It’s the final Olympic races of the returning 100m champ Usain Bolt and the 5000m winner Mo Farrah. As we watch each of them at the start lines, it’s easy enough to imagine their mental state – excitement laced with a large dose of nerves.
In response to these emotions, their adrenal glands (two small organs located just above their kidneys) are working overtime, flooding their bodies with hormones especially adrenaline, making them ready for the fight-or-flight response.
The fight-or-flight response
The fight-or-flight response is the body’s natural response to stress. It starts with the release of hormones like adrenaline. Adrenaline elevates heart rate, blood pressure and sugar levels, giving the courage to stay put and fight, or the energy to run away.
The question is, how does a sprinter like Bolt whose race lasts just 9 seconds, and an endurance runner like Farrah who runs for well over 9 minutes, benefit from the exact same response?
The key to this question is genetic variation in a specific gene called ADRB2. The ADRB2 protein relays the signal of adrenaline, thus affecting athletic performance and how the body responds to exercise.
Beta-2 adrenergic receptor
The ADRB2 gene makes the beta-2 adrenergic receptor found on the surface of cells. When released into the bloodstream, adrenaline binds to this receptor and starts off a sequence of events. These include elevating our heart rate and stroke volume (amount of blood pumped out of the heart per beat), bronchodilation (expanding the air passages in the lung), and increased fat breakdown for energy.
Turning it off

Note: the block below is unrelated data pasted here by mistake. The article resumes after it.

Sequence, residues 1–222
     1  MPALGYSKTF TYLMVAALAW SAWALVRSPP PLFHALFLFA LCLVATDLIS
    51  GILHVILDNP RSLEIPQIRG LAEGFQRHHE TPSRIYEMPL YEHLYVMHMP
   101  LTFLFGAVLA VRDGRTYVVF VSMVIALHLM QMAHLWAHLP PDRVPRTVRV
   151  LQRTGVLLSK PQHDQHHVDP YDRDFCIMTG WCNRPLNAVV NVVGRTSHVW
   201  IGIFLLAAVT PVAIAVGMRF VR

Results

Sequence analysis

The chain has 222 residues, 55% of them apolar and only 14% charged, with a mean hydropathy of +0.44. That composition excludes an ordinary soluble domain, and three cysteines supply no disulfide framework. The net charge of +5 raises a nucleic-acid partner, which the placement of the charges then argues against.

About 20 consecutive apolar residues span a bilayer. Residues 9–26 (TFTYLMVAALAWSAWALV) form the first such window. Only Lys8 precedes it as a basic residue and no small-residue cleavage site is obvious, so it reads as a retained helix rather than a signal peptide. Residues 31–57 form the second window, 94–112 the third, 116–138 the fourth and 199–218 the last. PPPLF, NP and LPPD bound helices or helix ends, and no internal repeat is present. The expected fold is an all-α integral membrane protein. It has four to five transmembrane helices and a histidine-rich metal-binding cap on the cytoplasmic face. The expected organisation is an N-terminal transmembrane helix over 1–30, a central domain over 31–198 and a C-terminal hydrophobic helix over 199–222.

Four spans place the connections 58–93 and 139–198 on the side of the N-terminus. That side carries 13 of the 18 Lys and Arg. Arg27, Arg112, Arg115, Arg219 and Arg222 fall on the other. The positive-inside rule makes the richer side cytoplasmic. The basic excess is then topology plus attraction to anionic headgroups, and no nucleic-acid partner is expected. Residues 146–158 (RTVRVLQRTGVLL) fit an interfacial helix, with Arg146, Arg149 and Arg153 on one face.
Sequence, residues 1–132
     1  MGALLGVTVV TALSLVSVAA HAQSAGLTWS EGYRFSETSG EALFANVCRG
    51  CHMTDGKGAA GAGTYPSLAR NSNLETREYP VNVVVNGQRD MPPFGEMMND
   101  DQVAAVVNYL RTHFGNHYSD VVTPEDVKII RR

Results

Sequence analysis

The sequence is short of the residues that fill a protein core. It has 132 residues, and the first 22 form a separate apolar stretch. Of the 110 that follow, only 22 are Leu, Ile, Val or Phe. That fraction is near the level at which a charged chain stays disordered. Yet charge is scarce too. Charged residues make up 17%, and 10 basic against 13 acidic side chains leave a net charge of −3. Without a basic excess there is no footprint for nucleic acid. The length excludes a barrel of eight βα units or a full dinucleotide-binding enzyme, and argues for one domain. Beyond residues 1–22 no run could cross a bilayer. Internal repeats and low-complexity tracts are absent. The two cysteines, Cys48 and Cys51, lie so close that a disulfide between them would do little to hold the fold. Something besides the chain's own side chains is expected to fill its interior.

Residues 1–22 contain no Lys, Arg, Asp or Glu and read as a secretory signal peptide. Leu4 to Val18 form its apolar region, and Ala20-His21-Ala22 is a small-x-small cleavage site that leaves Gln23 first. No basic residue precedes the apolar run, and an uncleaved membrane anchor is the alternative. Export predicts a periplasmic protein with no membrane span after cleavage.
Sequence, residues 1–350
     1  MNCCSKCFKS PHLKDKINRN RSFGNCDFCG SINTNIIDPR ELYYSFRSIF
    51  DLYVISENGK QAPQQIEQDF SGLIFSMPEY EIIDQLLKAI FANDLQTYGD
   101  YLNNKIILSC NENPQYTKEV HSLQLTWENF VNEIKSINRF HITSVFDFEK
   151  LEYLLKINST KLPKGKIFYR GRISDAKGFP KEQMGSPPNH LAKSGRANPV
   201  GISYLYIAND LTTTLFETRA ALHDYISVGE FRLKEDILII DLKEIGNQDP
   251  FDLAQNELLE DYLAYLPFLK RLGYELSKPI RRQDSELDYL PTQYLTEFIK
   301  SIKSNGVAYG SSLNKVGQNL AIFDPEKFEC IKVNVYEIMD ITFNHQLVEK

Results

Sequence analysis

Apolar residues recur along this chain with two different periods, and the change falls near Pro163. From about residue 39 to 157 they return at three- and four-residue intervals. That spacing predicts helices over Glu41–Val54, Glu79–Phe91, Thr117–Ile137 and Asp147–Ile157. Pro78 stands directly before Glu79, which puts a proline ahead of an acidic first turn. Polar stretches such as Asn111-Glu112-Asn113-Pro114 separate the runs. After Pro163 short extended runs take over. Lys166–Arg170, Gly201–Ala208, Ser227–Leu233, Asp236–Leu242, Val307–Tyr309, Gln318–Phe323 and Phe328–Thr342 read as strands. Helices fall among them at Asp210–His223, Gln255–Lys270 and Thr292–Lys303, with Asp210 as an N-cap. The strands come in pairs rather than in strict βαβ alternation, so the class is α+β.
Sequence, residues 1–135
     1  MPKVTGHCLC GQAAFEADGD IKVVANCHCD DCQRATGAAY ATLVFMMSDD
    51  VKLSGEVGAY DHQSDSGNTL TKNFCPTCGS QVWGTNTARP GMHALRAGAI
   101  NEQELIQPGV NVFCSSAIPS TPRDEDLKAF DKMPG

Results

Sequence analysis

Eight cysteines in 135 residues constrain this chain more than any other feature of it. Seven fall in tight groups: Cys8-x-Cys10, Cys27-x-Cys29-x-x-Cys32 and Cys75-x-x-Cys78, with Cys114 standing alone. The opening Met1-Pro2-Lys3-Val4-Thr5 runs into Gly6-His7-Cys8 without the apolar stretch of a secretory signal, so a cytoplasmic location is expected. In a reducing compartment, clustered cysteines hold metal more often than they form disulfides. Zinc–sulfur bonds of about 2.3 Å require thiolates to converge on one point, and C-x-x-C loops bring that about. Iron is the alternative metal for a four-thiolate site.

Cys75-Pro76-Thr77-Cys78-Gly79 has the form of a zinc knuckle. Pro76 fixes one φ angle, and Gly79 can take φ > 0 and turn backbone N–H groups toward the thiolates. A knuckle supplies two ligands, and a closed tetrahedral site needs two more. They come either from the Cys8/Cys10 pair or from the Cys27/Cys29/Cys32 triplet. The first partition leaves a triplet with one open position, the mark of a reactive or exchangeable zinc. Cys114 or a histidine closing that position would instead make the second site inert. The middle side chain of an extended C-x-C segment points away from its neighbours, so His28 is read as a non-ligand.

Exercise itself induces the release of adrenaline, and ADBR2 is central to exercise-induced changes in our bodies. But, prolonged activation of the signal by adrenaline increases both our heart rate and blood pressure for a long period of time, and can cause damage.
So, turning off this signal through a process called “receptor desensitization” is just as important as turning it on. A desensitized beta-2 adrenergic receptor can no longer bind adrenaline, essentially shutting off the effects of the hormone.
The role played by genetic variations
As you might imagine, runners have an expertly trained “flight” response. However, there’s a clear difference between a sprinter and an endurance runner. These differences include the types of muscle they use, and energy source they utilize when they run.
DNA changes in the ADRB2 gene can account for at least some of this variation. Studies show that endurance athletes are more likely to have a version of ADRB2 known as Arg16 (rs1042713 A).
One study involving Olympus marathon runners found that athletes with the Arg16 polymorphism had faster marathon completion times compared to their counterparts with the Gly16 allele.
What’s more, patients with heart failure responded better to exercise when they had the Arg16 version of ADRB2.
In contrast, the Gly16 version of ADBR2 may benefit power/strength athletes. This is highlighted by the over-representation of Gly16 among sprint athletes.
Popular theories suggest that Arg16 may promote endurance by influencing the number of receptors on the surface of cells, or by modifying receptor desensitization. However, even with these insights, exactly how ADBR2 variation is relevant to athletic performance is still largely a mystery.
ADBR2 is one of the many genes that have been linked to athletic performance. What sets it apart from other genes is the fact that it influences an ancient physiological response that helps us to fight, or run away from danger.
As the list of fitness genes continues to grow, it’s becoming increasingly apparent that genetics has a large say in whether or not we excel in sports, right down to whether one becomes a sprinter or a marathon runner. Take the DNA Fitness Test to find out how your unique set of genes influences your response to exercise.